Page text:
Saturday, January 19, 2013

No, No, No - The IQ-Theism Link Says Nothing About Whether Believing in God is Dumb

Of the multiple reasons that may drive an individual to choose theism, agnosticism, or atheism, the primary reason seems to fall under one of three broad classes:

(a) Emotional (e.g., the comfort derived from believing in eternal life might lead one to accept belief in God)

(b) Social (e.g., one might find theism more compelling if it is embraced by family members or peers)

(c) Logical (i.e., through reading, contemplation and/or discussion, one reasons his/her way to theism, agnosticism, or atheism)

These classes of reasons correspond to emotional, socialized, or thinking individuals, respectively.  Now, it seems safe to make the following assumptions:

(1) A typical thinking individual is more intelligent at least than the average member of his/her respective group (whether it is theistic, agnostic, or atheistic).

(2) Higher intelligence does not necessarily guarantee the acquisition of truth (to illustrate, I once successfully convinced an otherwise intelligent relative of mine that Iraq had chosen a monkey as its head of state).  To put it another way, equally intelligent people often disagree.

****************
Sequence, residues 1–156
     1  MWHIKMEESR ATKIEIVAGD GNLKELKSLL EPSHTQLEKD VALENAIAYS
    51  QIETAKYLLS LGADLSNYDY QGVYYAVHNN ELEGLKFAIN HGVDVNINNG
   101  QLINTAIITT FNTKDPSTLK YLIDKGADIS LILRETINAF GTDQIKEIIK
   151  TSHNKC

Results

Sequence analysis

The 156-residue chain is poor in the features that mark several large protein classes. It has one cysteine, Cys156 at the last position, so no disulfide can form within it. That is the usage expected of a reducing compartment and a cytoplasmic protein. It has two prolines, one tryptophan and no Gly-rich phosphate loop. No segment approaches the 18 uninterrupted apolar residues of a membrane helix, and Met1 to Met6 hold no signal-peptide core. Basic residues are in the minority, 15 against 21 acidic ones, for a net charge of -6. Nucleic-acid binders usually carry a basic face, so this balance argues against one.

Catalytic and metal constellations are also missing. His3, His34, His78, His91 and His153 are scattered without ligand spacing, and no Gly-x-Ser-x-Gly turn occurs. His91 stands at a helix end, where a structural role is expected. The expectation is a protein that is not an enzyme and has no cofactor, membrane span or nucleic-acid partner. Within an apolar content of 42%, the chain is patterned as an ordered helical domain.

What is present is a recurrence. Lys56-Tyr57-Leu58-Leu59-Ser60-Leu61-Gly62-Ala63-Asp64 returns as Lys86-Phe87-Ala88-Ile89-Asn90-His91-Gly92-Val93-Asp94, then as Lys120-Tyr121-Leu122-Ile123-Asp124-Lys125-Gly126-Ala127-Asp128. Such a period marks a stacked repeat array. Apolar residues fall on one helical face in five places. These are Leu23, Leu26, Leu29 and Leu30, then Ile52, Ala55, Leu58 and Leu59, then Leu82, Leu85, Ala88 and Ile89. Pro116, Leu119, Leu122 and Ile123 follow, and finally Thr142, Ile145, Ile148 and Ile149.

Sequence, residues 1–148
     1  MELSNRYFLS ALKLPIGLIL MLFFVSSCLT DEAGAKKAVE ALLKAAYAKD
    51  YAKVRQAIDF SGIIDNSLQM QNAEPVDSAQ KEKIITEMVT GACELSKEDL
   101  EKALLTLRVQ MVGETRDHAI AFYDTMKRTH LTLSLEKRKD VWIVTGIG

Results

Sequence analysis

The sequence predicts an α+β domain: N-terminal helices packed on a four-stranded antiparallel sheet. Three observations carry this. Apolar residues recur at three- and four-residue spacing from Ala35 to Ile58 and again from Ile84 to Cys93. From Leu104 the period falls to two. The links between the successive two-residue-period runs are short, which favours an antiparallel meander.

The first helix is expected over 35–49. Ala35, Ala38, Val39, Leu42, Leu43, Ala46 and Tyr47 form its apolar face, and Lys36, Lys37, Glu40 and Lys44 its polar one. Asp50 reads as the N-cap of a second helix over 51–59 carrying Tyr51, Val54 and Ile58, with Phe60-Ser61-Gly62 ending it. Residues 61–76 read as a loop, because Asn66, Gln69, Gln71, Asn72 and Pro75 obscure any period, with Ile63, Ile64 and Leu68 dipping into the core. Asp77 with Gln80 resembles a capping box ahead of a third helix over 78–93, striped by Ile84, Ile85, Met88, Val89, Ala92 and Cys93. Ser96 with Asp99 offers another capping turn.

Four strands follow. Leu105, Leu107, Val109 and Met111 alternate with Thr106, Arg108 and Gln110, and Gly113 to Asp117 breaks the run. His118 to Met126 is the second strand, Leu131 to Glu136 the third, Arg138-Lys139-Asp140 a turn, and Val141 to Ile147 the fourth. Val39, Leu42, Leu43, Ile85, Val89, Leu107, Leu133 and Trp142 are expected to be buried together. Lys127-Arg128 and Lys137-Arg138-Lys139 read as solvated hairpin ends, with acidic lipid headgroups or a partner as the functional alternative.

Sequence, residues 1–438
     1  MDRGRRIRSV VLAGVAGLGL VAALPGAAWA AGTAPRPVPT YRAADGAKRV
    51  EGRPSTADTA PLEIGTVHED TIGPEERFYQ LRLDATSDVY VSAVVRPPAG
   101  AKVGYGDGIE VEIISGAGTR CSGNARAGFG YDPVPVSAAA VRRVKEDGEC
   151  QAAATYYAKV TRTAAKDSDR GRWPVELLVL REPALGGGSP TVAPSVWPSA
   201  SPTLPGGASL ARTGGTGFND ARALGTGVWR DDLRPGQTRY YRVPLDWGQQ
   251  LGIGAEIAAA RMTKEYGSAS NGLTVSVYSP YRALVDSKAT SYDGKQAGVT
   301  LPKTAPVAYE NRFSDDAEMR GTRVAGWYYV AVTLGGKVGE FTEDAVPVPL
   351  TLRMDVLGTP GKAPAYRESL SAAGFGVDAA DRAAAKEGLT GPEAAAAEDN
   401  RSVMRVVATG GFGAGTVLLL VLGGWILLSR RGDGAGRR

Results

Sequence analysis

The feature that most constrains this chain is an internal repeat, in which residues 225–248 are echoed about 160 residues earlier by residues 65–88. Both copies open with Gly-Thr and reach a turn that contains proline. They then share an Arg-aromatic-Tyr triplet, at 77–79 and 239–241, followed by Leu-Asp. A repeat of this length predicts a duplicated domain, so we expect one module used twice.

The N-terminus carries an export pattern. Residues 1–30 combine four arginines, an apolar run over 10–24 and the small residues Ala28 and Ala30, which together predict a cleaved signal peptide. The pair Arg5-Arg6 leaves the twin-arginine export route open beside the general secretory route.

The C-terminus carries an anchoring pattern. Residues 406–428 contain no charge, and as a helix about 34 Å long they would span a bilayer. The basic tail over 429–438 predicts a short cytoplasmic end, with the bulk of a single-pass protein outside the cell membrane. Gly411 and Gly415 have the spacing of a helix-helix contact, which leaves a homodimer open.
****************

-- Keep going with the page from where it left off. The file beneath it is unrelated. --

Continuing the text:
(3) Atheists are more homogeneous with respect to the primary reason why members belong to this group.

The third assumption appears valid because people are unlikely to be motivated to become atheists for emotional reasons, and even more unlikely to do so for social reasons.  Beginning with the former, although atheism might satisfy one’s desire for moral autonomy, such “benefits” are temporary and thus incomparable to the eternal benefits of believing in God.  As for the latter, most people continue to believe in God.  Therefore, people choose atheism in spite of the social forces pulling them in the opposite direction.  Hence, it seems clear that thinking members are disproportionately represented among atheists.  Of course, this does not imply that atheism, itself, is true (recall the second assumption above).
Among theists, in contrast, one is likely to find larger shares of emotional and socialized members, in addition to its portion of thinkers.  On account of this, and insofar as the first assumption is correct, the average IQ of the theistic group should be lower than that of the more uniform atheist group. 

* For a quantitative study debunking the IQ-theism theory, please click here.